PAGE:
The negative behaviours we blame on pornography, in other words, might have emerged no matter what; porn is perhaps more symptom than cause. Earlier this year, a group from VU University Amsterdam in the Netherlands attempted to disambiguate cause and porn pleasure in relationship satisfaction: did frequent pornography viewing cause people to drift apart — or was it the result of their having drifted apart already?

For three porn pleasure, the psychologist Linda Muusses and her colleagues tracked just under newlywed couples, as part of a broader study on marriage and wellbeing. The happier men were in relationships, they found, the less pornography they watched. Conversely, more viewing predicted lower happiness a year later. It was a self-reinforcing cycle: get caught in a good one, with a satisfied relationship, and porn was a non-issue.

But lose satisfaction, watch more porn, and realise your relationship is further disintegrating. Muusses and her colleagues also noticed that higher levels of pornography use at the start of a relationship did not predict a less sexually satisfying experience later on, for men or women.

W hy, then, does the disconnect persist between theory, opinion and social sentiment, on the one hand, and empirical research, on the other? Part of the problem stems from the difficulty of saying exactly what pornography actually is.

Aeon for friends

When we go to the cinema, there are dramas and comedies, horror and sci-fi, thrillers and romantic romps — movies to suit any mood, any taste, any occasion. The experience and effects of each differ. I heard the same refrain over and over, from every researcher and every member of the pornography industry I spoke with: pornography is to sex as Hollywood films are to real life. Pornography is fantasy, pure and simple.

And just as any fantasy can be channelled in any direction, so too can pornography. Some are really great and have allowed incredible content and have been supportive of male and female performers, and help people make great careers. That short description porn pleasure to the heart of what makes pornography the kind of fantasy we can feel good about versus the kind we should actively question. What matters is that the people performing these acts enjoy their performance.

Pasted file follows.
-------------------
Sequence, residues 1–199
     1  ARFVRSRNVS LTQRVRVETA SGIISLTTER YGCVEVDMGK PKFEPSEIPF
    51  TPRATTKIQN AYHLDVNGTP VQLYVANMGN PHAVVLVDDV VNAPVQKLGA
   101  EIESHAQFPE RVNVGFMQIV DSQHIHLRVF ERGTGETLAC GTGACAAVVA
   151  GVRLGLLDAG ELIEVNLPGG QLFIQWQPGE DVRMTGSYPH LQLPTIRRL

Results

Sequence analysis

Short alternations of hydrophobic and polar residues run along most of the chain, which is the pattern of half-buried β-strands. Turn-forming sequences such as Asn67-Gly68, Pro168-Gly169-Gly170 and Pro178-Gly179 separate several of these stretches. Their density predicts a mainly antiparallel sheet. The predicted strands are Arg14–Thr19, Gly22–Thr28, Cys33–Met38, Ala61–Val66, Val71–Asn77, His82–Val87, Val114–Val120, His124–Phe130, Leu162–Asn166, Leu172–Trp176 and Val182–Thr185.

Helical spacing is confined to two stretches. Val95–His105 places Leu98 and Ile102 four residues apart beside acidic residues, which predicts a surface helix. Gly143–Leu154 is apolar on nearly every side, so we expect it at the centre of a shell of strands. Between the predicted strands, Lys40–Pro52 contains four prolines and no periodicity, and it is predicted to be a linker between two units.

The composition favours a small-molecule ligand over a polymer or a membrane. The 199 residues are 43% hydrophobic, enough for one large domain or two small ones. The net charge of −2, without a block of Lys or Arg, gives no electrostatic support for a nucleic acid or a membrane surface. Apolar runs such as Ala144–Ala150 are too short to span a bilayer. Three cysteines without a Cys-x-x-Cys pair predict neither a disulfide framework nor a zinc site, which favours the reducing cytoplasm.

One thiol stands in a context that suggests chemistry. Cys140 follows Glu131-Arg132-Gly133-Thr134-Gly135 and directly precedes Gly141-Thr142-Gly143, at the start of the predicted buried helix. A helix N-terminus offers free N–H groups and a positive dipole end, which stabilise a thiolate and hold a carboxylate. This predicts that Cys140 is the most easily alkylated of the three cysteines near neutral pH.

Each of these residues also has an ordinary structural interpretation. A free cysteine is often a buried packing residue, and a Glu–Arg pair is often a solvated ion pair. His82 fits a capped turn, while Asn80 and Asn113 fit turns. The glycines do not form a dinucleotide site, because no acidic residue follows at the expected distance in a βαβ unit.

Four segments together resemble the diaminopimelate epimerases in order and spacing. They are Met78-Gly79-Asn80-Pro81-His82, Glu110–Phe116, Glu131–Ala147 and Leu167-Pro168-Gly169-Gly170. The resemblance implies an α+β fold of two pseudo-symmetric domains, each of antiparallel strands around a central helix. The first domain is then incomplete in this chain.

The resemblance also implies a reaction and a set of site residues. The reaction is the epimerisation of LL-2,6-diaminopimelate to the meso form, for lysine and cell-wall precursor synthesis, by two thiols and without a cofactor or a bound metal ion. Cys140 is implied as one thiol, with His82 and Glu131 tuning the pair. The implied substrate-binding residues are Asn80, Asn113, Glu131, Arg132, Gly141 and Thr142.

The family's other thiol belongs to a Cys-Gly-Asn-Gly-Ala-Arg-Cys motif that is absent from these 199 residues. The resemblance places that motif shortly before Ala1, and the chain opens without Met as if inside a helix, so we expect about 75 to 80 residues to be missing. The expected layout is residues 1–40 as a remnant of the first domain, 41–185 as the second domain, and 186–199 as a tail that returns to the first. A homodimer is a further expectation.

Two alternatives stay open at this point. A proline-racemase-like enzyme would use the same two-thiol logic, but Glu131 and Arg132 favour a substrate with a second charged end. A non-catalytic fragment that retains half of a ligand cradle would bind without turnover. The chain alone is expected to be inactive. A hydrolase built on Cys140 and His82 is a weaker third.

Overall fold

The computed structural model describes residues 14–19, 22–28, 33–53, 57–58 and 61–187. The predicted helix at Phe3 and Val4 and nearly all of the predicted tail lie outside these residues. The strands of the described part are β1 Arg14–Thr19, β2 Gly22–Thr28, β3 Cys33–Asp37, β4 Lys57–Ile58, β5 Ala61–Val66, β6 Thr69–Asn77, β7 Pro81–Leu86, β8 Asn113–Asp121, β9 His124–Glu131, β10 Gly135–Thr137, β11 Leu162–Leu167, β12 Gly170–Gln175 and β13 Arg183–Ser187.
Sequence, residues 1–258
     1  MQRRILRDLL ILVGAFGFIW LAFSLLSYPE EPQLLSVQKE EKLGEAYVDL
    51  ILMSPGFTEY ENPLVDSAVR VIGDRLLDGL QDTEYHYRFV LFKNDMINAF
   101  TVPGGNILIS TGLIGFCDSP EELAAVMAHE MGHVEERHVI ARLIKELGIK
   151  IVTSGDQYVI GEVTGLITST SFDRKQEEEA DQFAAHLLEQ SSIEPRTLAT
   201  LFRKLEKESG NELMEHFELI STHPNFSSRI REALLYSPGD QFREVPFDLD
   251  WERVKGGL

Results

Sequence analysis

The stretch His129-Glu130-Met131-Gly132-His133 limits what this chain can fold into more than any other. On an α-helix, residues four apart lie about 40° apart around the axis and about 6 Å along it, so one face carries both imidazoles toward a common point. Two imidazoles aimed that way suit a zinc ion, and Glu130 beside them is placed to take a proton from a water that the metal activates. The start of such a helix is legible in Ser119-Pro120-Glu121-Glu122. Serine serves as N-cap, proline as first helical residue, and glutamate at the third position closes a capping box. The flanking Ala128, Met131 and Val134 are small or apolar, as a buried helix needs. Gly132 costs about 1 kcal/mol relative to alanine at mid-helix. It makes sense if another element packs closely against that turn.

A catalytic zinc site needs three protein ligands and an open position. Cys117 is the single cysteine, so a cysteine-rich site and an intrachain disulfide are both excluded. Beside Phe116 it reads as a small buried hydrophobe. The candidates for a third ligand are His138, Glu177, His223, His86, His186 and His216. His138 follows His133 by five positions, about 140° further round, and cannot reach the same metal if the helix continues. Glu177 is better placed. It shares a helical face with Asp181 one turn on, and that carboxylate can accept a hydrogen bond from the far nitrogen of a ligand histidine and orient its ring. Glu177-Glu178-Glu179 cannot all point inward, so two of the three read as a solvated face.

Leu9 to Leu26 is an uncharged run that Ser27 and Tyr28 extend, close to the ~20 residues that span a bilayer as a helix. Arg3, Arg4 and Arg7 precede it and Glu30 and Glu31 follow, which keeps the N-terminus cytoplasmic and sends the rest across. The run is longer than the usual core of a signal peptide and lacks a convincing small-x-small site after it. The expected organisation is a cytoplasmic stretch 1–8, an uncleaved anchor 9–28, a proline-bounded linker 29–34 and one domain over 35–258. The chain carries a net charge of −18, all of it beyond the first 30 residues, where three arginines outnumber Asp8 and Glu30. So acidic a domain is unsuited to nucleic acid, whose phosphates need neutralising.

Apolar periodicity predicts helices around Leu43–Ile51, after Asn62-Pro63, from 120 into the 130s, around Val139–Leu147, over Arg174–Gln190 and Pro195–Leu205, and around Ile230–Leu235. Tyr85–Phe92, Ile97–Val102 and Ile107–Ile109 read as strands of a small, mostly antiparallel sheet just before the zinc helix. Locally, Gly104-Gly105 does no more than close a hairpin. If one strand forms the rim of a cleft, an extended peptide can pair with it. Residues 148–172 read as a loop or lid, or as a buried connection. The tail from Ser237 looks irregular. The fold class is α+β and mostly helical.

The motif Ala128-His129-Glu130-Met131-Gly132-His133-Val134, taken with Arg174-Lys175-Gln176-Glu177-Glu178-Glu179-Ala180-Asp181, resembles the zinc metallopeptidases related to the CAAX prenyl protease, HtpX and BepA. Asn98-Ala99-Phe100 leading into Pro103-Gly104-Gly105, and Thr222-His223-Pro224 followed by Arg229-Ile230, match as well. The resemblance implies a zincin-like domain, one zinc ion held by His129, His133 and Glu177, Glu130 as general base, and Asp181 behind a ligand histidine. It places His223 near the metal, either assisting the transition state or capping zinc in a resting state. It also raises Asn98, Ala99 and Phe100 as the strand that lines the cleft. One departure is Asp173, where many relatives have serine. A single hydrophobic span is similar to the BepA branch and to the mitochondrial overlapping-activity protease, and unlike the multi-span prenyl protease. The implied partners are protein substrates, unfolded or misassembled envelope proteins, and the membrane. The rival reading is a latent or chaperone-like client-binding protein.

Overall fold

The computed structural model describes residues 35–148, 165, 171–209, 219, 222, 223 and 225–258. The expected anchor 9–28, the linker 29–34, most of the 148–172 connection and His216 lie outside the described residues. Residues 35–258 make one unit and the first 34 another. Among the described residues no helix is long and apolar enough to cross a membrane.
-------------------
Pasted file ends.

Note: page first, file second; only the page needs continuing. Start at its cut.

Increasingly, people insist that the product they host on their site or bring to their customers comes from a place of clear desire. Not all porn is created equal.

It only serves the idea that a woman who is sexual is being taken advantage of. Jiz Lee, recognised as one of the leading modern genderqueer adult performers, has been in the industry for more than 10 years, and says ethical pornography is a porn pleasure. The single biggest marker of such porn is that it costs the consumer something. Paying helps insure it, and helps the company be in good standing. In the absence of other options, pornography becomes a de facto way of educating yourself about sexuality. Ethical pornography is becoming increasingly less exceptional.

There are more women in charge, more readily enforced standards, and more ability.

But regardless porn pleasure what pornography insiders say, for consumers, especially younger ones who are growing up with a ubiquitous internet, the view is quite different. Any attempt to broaden the conversation was stonewalled. And therein lies the problem.

It becomes so only when it is the one thing adolescents see as they discover sex: they use it as a learning script. Until we do that, they will go to porn. Already, certain movements are trying to do just that. Jessica Cooper helps run ScrewSmart, a sex-education collaborative in Philadelphia that aims to foster open dialogue about sexual pleasure. The group meets with students, hosts workshops, discusses porn and its role openly and honestly.

We are giving them permission to say yes.